Colin Powell referred to her comments when he said,” When we see a former governor say that the president is “shuckin” and “jivin”— that’s a racial-era slave term. Let me be just candid: My party is full of racists and the real reason a considerable portion of my party wants President Obama out of the White House has nothing to do with the content of his character, nothing to do with his competence as Commander-In-Chief and President and everything to do with the color of his skin, and that’s despicable.”

Violence has been part of our tradition and it still is part of our daily existence. The FBI issued a report in 2011, which showed statistics on violence in America. Killings by gun were over 12,000 and deaths by knife made up 38% of the total. Other countries in the industrial world have a much lower rate of deaths by gun and knives.

The trust or the lack of trust between the Police and large segments of our population has been in the headlines every day, lately.

There are many excuses or reasons given for our being a violent society. One old and popular reason is that we are a young nation still a product of the frontier mentality and life style. A convenient excuse but why don’t Canada and Australia have similar homicide rates?

The stress and anxiety that modernity gives us is given as a reason. The pressures created to keep up with the fast and constant changes that are taking place give us all reason to have fear and anxiety but never the less other modern industrial societies also face similar pressures but do not have the violence that we have.

Neither of these two logical reasons can explain why our numbers are so different than other countries.

Racial conflict is another reason given. But why have we taken a problem of  adjustment and turned it into more confrontational situations?

Some blame television violence and permissiveness and others a lack of gun laws.

At least one can argue that the lack of gun laws is a contributing factor. One constant for the other former frontier countries is that they have strong gun laws.

Some blame Capitalism! Income inequality and the fear of whether one will have enough money to provide for not only oneself but for a person’s family undoubtedly contributes to the societal problems that we face. Fear creates the atmosphere where a person wants to blame someone for the problems that they have.

The one incongruity that is hard to make sense of is the saying Guns and the Bible. We don’t live in a civil society where an eye for an eye is acceptable. But God help us if we threaten to enact laws that would make it possible to deprive criminals from obtaining guns at a gun show, or if we would like to keep guns out of the hands of mentally unstable people.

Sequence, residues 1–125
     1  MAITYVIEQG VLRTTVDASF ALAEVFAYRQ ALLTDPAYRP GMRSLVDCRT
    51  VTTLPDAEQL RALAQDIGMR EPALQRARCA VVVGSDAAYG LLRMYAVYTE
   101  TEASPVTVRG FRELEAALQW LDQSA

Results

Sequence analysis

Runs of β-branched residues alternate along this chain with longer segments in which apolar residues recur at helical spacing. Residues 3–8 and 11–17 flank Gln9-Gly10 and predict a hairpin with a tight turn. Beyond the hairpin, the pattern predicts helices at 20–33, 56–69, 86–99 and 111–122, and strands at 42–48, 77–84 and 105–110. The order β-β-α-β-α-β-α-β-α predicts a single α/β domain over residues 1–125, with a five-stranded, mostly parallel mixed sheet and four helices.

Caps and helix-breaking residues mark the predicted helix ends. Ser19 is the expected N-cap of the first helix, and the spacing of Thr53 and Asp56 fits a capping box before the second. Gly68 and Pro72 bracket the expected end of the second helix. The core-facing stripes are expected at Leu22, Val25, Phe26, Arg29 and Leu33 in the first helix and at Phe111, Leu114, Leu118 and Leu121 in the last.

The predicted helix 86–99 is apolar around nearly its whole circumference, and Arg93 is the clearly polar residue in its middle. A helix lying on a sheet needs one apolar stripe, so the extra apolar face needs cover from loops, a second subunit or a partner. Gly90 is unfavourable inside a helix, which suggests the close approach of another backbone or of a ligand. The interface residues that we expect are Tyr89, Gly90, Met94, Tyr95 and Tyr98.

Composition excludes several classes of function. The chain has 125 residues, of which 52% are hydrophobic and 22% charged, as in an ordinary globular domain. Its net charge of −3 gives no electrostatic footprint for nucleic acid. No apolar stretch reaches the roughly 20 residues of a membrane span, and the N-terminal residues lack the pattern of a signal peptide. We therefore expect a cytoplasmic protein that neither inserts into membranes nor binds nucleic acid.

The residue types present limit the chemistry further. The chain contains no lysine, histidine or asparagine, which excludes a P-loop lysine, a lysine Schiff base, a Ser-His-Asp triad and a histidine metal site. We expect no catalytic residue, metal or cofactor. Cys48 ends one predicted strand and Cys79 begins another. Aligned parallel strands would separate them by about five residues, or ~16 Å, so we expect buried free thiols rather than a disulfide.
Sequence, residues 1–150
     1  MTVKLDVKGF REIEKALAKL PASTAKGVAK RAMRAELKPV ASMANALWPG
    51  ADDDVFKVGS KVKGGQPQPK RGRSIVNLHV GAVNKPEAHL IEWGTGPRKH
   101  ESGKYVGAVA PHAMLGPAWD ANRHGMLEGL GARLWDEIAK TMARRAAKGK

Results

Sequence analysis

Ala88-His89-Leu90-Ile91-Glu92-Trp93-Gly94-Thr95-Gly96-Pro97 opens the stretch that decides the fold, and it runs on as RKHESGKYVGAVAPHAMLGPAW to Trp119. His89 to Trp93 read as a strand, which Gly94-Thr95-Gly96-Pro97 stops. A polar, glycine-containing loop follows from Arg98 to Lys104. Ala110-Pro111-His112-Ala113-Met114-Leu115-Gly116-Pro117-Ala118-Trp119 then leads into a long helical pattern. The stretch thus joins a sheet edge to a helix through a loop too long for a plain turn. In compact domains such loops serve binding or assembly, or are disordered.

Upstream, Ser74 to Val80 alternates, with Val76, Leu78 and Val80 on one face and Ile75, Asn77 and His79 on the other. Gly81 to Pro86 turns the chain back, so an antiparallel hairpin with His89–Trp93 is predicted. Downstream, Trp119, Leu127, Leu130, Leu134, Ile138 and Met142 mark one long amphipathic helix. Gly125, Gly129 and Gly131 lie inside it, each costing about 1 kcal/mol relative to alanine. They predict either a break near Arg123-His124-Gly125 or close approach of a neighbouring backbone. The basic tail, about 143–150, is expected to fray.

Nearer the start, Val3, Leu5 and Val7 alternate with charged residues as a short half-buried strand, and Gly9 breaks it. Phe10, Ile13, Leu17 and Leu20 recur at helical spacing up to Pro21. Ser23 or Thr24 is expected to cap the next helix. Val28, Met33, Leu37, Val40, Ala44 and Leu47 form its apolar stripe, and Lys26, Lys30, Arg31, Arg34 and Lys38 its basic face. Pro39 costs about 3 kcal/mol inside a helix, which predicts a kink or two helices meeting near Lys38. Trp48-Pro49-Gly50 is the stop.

The greatest danger to democracy today may very well be the fear that is tangible regarding the the exponents of the use of terror from the fringe extremists who profess to be followers of Islam.

There is the very real possibility that many citizens may be convinced to give up their liberty in return for security. The promise of security has been given by many wan-a- be dictators. In return citizens of the world have gotten in return neither liberty nor safety but rather despotism and tyranny.

If you at least are willing to recognize that you have a problem than you are on the way to solving it. What is wanted is that realization that we are a violent society and to work to diminish the violence. You can never get rid of it entirely but the goal should be to reduce violence as much as possible without giving up the freedoms and liberty that we in our society have.

A moral code and a determination to fix the problem is a start. We do need to use our inner voice and do our best to do what we know is right and to make it less possible to do wrong. We do have a  crisis of conscience. We must have the determination to sustain and enhance our community.  We are as a nation a quilt of many colors and cultures. The needs of the few need to take a back seat to the needs of the nation and we the people. We must do this so that we may fulfill our promise as a nation and to continually work to make the experiment that George Washington talked about a success.